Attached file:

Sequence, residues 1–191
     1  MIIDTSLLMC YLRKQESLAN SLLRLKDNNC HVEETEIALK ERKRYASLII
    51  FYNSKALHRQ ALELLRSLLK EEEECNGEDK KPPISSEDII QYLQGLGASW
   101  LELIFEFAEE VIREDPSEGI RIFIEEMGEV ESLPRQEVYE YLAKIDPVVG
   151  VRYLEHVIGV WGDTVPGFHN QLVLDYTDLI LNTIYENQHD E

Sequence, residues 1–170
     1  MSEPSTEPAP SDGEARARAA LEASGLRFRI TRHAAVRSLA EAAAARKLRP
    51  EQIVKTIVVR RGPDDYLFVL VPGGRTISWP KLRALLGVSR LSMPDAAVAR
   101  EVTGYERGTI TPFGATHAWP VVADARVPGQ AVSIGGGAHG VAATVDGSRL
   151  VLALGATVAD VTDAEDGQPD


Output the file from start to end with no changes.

Sequence, residues 1–191
     1  MIIDTSLLMC YLRKQESLAN SLLRLKDNNC HVEETEIALK ERKRYASLII
    51  FYNSKALHRQ ALELLRSLLK EEEECNGEDK KPPISSEDII QYLQGLGASW
   101  LELIFEFAEE VIREDPSEGI RIFIEEMGEV ESLPRQEVYE YLAKIDPVVG
   151  VRYLEHVIGV WGDTVPGFHN QLVLDYTDLI LNTIYENQHD E

Sequence, residues 1–170
     1  MSEPSTEPAP SDGEARARAA LEASGLRFRI TRHAAVRSLA EAAAARKLRP
    51  EQIVKTIVVR RGPDDYLFVL VPGGRTISWP KLRALLGVSR LSMPDAAVAR
   101  EVTGYERGTI TPFGATHAWP VVADARVPGQ AVSIGGGAHG VAATVDGSRL
   151  VLALGATVAD VTDAEDGQPD